- Ganapati & Gauri Puja 2010
- Ganesh Chaturthi – Preparations from the Day Before
- Ganesh Chaturthi 2009
- Flower Sellers at Dadar
- Ganesh Chaturthi 2008
- Ganesh Chaturthi 2007
- Ganapati Bappa 2005
- Saraswati Lakshmi & Ganapati
- Dadar Flower Market during Ganapati
You are not a Mumbaikar if you haven’t tasted the street-side Vada Pav. Not the sterile globs you get in a restaurant. You gotta eat from the street stall. If you haven’t, may I ask you to kindly turn in your Mumbaikar card!
During college days, the vada pav wallah near Fountain (Hutatma Chowk) was the best and my source of daily nourishment. This one is right across from Regal Cinema on Colaba Causeway, next to the entrance of Sahakari Bhandar. Look at that dynamite red chutney and those roasted green chillies! You know you want them on your vada pav! *smacks lips* After a couple of these, I rush down the street for ganna juice to put out the fire in my mouth! ha hA!
Continue reading “Best Street Food: Asli Vada Pav, Sandwich and Bajjiyas”
Each evening when we take Meera for a walk, we stop by the Poornima Juice Center on Colaba Causeway, for their freshly squeezed ganna ras (sugarcane juice). At 8 rupees (16 cents, US) a glass, it’s a steal. Meera greedily gulps it too. As a baby, this was the first juice we gave her. This goes superbly well after ingesting some spicy vada pav, or batatavada. See this photo essay on making jaggery from sugarcane juice, in rural karnataka.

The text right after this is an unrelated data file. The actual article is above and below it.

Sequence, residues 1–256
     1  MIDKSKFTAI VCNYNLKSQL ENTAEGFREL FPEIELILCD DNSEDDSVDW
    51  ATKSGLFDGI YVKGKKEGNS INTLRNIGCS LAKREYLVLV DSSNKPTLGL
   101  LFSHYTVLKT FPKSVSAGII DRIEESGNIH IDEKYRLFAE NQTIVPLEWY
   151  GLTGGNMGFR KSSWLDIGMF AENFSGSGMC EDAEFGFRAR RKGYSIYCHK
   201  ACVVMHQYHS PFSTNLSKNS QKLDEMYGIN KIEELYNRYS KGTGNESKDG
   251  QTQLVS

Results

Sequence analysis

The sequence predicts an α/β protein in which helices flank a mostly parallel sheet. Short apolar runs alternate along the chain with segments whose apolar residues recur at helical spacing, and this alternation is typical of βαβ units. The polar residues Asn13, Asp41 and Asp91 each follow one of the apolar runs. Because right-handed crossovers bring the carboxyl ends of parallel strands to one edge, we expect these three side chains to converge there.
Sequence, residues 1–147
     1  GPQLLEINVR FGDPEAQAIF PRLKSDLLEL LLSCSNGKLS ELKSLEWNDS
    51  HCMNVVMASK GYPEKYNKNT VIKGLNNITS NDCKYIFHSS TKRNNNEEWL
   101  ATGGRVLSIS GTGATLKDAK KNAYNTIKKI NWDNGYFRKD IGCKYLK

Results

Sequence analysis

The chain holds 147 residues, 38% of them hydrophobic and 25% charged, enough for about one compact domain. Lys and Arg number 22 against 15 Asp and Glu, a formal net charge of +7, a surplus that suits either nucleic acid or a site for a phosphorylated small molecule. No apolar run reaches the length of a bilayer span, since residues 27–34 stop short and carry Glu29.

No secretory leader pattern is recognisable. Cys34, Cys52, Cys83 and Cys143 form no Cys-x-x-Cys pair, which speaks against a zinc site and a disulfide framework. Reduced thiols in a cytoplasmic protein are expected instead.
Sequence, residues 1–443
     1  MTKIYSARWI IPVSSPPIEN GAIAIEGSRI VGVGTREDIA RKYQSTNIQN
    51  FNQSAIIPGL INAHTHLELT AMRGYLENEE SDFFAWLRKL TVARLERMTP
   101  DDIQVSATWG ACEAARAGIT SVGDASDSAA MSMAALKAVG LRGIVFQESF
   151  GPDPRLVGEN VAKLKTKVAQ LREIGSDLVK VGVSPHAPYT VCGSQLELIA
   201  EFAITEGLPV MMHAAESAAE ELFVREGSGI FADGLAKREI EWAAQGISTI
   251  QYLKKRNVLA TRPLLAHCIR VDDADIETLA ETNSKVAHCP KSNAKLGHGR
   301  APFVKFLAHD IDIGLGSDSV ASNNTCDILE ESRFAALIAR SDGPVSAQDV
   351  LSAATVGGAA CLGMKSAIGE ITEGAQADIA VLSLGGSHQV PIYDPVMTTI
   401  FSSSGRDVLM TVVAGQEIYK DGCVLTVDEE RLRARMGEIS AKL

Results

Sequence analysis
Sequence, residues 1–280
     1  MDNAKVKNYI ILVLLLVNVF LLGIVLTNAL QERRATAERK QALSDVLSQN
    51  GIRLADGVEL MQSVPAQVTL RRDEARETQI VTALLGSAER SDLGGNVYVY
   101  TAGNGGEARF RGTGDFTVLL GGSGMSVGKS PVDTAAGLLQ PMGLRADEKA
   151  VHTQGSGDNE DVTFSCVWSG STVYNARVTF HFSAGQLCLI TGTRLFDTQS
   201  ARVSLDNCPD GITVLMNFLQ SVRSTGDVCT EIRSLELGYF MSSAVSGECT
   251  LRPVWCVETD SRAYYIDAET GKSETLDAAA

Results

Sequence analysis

Continue reading “Video: Making Ganna Ras – Sugarcane Juice”
Mumbai was recently blessed with a eatery dedicated to idlis: those delicately steamed rice cakes. South Indians start their day with idli, dunked in sambar or a liberal side of coconut chutney. At home, I enjoy piping hot Idli Sambar for brunch, or to accompany the afternoon chah or kaapi. Leftover idlis make golden crisp Idli fry, or crumbled and tossed with a medley of spices. On family trips you have all initially groaned, when aunts unpack idlis and chutney – the ultimate travel food. By the end you are licking chutney of fingers, while fellow travelers stare with envy.
It was only a matter of time that we, little m included, finally made it to Idli House in King Circle, Matunga. It’s a tiny place and crowded. Many stand and eat. The laser focus on idlis keeps the service quick and very inexpensive, making it the poor man’s meal. On any given day they serve about 8-10 types of idlis.
Continue reading “Fill-up at the Idli House”